Social Injustice And Human Suffering in “Black Boy” By Richard Wright
“Writing is an extreme privilege but it’s also a gift. It’s a gift to yourself and it’s a gift of giving a story to someone” – Amy Tan. Richard Wright is one who’s amongst those who are such superb writers. In Black Boy, by Richard Wright, a powerful account of Richard Wright’s journey is discussed throughout. Richard Wright speaks with his own voice about his journey from innocence to experience in the Jim Crow South. He covers two major themes in American literary history: social injustice and human suffering. His spoken truth brings up matters that can still evoke at the center of our lives.
As a child living in Memphis, Tennessee, Wright encountered poverty. “Hunger stole upon me so slowly that at first I was not aware of what hunger really ment… I would grow dizzy and my vision would dim. I became less active in my play, and for the first time in my life I had to pause and think of what was happening to me”. Wright’s hunger symbolized a struggle that he had in his life, and that was associated with his father, whom Wright and his family had relied on for providing them food, but suddenly got abandoned from. Wright’s father’s absence would mean that there would be no food. Wright then went through days sliding past the image of his father becoming involved with his experience of hunger pain, and whenever he felt hunger, he thought of his father with a deep biological bitterness. Since his father abandoned the family, his mother has been the one who raised them and worked very hard each day to provide for them. Wright’s mother also tried to get them to become mature and take upon themselves the responsibility of the flat while she worked. Wright then started to experience violence near his home. He would be so full of fear of getting beaten and robbed by a specific group of boys. “They came toward me and I broke into a wild run toward home. They overtook me and flung me to the pavement. I yelled, pleaded, kicked, but they wrenched the money out of my hand. They yanked me to my feet, gave me a few slaps, and sent me home sobbing”. That one moment made Wright’s mother teach him to stand up and fight for himself. The same situation soon happened again, but then things suddenly changed for Wright, who suddenly won the right to the streets of Memphis. In Wright’s sixth year, before he had begun school, he was a drunkard. Wright would crave for alcohol and beg for pennies from passers-by. He later stopped craving for alcohol and forgot the taste of it when his mother placed him and his brother in the keeping of an elderly black woman who’d watch his every moment to prevent him for repeating his mistakes. He soon stumbles upon the relations between whites and blacks, and what he learned, frightened him. When word circulated among the black people of the neighborhood that a black boy had been severely beaten by a white man, Wright felt that the white man had had a right to beat the black boy, for he naively assumed that the white man must have been the black boy’s father. Wright then learned from his mother that the white man was not the father of the black boy and that the white man didn’t whip the black boy, but beat him. He eventually learns about racism from what he observes in the world. That then made him now wonder about white people and what they were really like.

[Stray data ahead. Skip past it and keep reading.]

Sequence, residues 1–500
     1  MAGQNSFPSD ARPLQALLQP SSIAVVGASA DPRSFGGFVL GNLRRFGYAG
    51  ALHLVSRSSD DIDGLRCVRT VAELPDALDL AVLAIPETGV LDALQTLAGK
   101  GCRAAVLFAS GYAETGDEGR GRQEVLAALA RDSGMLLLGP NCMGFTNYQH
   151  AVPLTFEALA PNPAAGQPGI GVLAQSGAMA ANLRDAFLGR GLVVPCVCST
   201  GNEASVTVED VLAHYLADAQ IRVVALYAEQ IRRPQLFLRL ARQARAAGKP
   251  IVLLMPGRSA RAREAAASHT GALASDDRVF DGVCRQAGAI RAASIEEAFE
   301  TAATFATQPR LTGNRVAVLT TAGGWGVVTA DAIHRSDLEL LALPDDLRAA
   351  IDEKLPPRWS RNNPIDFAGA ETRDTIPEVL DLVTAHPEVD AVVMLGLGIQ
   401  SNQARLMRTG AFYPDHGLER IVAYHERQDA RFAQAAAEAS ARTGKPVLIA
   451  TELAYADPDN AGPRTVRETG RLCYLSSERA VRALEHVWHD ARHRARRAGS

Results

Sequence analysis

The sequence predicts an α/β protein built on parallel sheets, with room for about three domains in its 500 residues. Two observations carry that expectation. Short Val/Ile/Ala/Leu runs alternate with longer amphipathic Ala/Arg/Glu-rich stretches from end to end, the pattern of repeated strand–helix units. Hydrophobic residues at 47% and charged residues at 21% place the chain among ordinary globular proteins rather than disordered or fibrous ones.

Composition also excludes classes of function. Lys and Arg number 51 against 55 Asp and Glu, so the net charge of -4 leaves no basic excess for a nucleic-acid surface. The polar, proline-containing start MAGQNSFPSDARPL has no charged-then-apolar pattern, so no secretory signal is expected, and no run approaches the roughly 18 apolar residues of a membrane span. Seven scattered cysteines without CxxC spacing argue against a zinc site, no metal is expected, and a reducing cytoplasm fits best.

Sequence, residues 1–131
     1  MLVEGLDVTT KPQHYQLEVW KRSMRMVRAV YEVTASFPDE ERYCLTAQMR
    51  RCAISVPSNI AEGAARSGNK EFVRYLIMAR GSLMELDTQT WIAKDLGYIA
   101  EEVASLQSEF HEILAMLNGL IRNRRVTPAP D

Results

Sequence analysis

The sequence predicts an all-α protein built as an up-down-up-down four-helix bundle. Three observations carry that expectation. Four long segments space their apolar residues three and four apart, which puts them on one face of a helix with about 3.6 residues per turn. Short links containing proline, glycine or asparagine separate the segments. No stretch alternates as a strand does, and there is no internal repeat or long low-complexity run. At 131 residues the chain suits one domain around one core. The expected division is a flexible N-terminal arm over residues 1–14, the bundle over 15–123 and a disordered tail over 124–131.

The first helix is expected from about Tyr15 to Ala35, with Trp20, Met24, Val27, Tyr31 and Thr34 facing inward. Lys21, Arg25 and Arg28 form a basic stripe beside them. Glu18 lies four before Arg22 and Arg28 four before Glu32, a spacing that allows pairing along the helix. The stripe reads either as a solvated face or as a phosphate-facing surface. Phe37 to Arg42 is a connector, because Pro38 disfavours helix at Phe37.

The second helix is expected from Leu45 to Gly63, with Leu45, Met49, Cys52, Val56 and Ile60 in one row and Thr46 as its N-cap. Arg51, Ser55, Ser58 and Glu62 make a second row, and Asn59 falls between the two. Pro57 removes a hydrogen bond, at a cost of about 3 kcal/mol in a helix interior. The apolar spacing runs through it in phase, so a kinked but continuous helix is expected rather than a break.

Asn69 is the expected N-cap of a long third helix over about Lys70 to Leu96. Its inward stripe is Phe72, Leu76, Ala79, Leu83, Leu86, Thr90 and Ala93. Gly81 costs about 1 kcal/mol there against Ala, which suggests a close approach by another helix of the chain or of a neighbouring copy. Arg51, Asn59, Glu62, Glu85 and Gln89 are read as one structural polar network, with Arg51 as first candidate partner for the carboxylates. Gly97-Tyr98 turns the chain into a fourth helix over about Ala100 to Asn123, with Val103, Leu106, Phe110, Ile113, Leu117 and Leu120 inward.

When school opened, Wright didn’t prepare himself, but he enrolled anyways (in the eighth grade). During that time, he became quiet and reserved as the nature of the world in which he lived, became plain and undeniable; the emptiness of the future affected his will to study. “The eighth grade days flowed in their hungry path and I grew more conscious of myself; I sat in classes, bored, wondering, dreaming”. Wright’s school was far across town and the walking distance alone consumed his breakfast of mush and lard gravy. Wright also seemed to feel an undue awareness of himself, his appearance, or his actions. He was aware of and responded to his surroundings. He became more concerned and tense. He’d also daydream about one thing in particular that he was passionate about, which was writing stories. He’d imagine a place where everything was possible, believing that he had a naïve imagination that possibility was too remote. He even tried to keep hope alive in him. One long fry afternoon, he took out his composition book and told himself that he would write a story; it was sheer idleness that led him to it. That then led Wright into publishing his first short story, The Voodoo of Hell’s Half-Acre, which he described as “crudely atmospheric, emotional, intuitively psychological, and stemmed from pure feeling” (165). The Voodoo of Hell’s Half-Acre then got divided into three installments by an editor, who also gave Wright a chance to write. Eventually, Wright’s story took part in the copies of the Southern Register, but no copies survived. Wright later needed an all-day job that would pay him enough money to buy clothes and books for the next school term. Luckily the studies in his ninth—his last year at school— were light, and he had a chance to have good grades. “It was even hinted that, if I kept my grades high, it would be possible for me to teach in the city school system”. During a part of the term, Wright’s teacher turned over the class to his supervision, which was an honor that helped him emotionally, and made him hope faintly. Wright seemed to have hopes in taking an opportunity to become a teacher. When the school term ended, he was selected as valedictorian of his class and was assigned to write a paper to be delivered in a public auditorium. Later, Wright was called to the principal’s office, where the principal gave him a prepared speech to present in place of his own. He then challenged the principal due to how he didn’t want to make a public speech that wasn’t his own. The principal then threatened him, suggesting that he might not be allowed to graduate if he persisted, despite having passed all the examinations. He also tried to entice Wright with an opportunity to become a teacher. He put pressure on one of Wright’s uncles to speak to Wright and get him to change his mind, but Wright continued to be adamant about presenting his own speech and refused to let his uncle edit it. Despite the pressure, Wright delivered his speech as he had planned. Later that year, he begins high school but drops out after only a few weeks so he can earn money. At times he worked two or even three jobs. He took a series of odd jobs to earn money for family expenses and save enough money to leave for Memphis, which he did at age seventeen. During that time in his life, he began to read contemporary American literature, as well as commentary by H. L. Mencken, which struck him with particular force.